Whistleblower Protection Does Not Depend On Employee Motivation

Bruce Whitman was the Police Chief of the City of Burton, Michigan from 2002 to 2007, when the City’s mayor declined to reappoint him. Whitman then sued the City under Michigan’s Whistleblower Protection Act, claiming that the Mayor’s decision not to reappoint him was prompted by Whitman’s repeated complaints to the Mayor and the City Attorney that the refusal to pay Whitman’s previously accumulated unused sick and personal leave time would violate a City ordinance.

At trial, a jury found that Whitman had engaged in protected whistleblower conduct and that his protected conduct made a difference in the Mayor’s decision not to reappoint him as police chief. The jury awarded Whitman total damages in the amount of $232,500. The City appealed, arguing that Whitman had no whistleblower claim because, “in threatening to inform the city council or prosecute the mayor for a violation of the ordinance, Whitman clearly intended to advance his own financial interests. He did not pursue the matter to inform the public on a matter of public concern.”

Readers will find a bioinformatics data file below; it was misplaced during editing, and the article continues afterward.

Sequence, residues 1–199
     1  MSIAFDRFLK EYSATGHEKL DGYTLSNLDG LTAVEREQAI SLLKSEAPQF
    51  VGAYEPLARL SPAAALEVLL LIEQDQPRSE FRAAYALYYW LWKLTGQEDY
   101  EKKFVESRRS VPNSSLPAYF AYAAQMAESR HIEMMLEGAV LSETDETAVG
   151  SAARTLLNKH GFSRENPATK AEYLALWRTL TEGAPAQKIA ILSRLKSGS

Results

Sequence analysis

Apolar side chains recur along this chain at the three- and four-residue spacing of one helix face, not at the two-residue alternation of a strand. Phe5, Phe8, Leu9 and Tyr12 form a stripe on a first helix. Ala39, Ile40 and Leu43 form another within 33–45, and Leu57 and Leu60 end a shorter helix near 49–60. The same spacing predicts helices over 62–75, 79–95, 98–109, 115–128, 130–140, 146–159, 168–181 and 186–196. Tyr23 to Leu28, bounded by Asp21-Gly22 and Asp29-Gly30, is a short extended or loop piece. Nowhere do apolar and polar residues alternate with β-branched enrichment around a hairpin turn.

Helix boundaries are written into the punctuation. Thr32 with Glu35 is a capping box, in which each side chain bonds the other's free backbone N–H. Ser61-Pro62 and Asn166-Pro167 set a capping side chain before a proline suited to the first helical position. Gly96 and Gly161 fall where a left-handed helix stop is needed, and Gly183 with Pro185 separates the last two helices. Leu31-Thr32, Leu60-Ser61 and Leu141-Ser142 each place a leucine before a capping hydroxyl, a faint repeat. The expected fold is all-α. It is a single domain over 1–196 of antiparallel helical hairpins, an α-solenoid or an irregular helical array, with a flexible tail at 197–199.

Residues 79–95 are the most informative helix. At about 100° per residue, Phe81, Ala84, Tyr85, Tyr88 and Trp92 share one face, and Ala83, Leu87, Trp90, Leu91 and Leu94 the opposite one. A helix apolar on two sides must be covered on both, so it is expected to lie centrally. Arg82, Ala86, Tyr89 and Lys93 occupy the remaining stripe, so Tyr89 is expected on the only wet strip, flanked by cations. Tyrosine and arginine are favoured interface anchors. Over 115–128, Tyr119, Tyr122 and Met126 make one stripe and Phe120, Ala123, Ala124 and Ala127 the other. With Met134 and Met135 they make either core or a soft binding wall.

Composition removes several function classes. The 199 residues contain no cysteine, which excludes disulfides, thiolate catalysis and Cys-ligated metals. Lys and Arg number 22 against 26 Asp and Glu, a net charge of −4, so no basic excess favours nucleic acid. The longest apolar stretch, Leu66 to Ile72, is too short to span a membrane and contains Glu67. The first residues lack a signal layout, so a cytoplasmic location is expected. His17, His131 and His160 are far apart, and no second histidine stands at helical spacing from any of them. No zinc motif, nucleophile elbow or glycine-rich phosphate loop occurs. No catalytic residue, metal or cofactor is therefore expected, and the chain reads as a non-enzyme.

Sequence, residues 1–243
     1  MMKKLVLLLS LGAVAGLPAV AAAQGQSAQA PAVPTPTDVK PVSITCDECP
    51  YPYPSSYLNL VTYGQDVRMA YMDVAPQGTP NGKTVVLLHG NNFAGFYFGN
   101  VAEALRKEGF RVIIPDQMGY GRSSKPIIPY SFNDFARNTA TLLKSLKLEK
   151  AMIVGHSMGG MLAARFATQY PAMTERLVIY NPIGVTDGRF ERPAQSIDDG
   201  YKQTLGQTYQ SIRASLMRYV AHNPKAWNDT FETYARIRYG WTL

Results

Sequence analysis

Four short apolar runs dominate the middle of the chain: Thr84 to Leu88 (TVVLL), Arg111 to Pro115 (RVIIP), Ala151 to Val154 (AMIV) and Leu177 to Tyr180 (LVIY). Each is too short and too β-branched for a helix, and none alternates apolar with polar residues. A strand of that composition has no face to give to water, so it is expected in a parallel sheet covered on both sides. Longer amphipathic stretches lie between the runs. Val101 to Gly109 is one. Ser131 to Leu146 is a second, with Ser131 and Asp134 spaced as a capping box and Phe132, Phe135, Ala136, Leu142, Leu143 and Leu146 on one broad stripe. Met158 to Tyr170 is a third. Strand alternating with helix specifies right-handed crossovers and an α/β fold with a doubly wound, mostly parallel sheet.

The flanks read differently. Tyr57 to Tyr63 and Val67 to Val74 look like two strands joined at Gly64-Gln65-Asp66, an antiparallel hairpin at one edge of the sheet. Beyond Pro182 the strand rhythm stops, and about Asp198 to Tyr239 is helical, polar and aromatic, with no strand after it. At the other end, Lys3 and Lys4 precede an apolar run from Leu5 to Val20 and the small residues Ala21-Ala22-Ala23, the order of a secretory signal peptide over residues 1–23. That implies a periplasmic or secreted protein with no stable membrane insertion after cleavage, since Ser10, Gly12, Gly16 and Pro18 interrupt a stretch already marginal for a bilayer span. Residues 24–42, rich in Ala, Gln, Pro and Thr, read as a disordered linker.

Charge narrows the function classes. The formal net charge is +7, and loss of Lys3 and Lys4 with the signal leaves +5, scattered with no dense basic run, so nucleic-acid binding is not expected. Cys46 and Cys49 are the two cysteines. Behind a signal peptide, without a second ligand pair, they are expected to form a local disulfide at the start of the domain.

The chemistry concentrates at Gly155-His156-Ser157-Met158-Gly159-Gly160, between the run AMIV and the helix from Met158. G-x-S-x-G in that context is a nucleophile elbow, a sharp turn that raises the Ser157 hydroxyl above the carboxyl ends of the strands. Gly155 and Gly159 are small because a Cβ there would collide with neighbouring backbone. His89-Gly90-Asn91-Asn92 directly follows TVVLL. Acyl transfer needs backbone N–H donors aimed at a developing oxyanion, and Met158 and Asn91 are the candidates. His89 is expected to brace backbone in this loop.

The Michigan Supreme Court found that a whistleblower’s motivation was irrelevant to the issue of whether a valid whistleblowing claim could be raised. The Court noted that it “had explained that the whistleblower law meets its objective of protecting the public by protecting the whistleblowing employee and by removing barriers that may interdict employee efforts to report violations or suspected violations of the law. Without employees who are willing to risk adverse employment consequences as a result of whistleblowing activities, the public would remain unaware of large-scale and potentially dangerous abuses. Therefore, as long as an employee demonstrates a causal connection between the protected activity and the adverse employment action, the subjective motivation for engaging in the protected activity in the first instance is not relevant to whether the employee may recover under the act.

“In this case, it is undisputed that the Mayor decided to withhold payment of unused sick, personal, and vacation time in violation of the ordinance, a decision to which Whitman objected. It is also undisputed that Whitman reported the Mayor’s violation of the ordinance to the Mayor himself, to the City Administrator, and the City Attorney, and that following Whitman’s reporting of this violation, he was discharged. Accordingly, Whitman engaged in conduct protected under the whistleblower laws.”

Though the Supreme Court upheld Whitman’s whistleblower claim, it returned the case to a lower court to resolve a variety of remaining legal issues.

Whitman v. City of Burton, 831 N.W.2d 223 (Mich. 2013).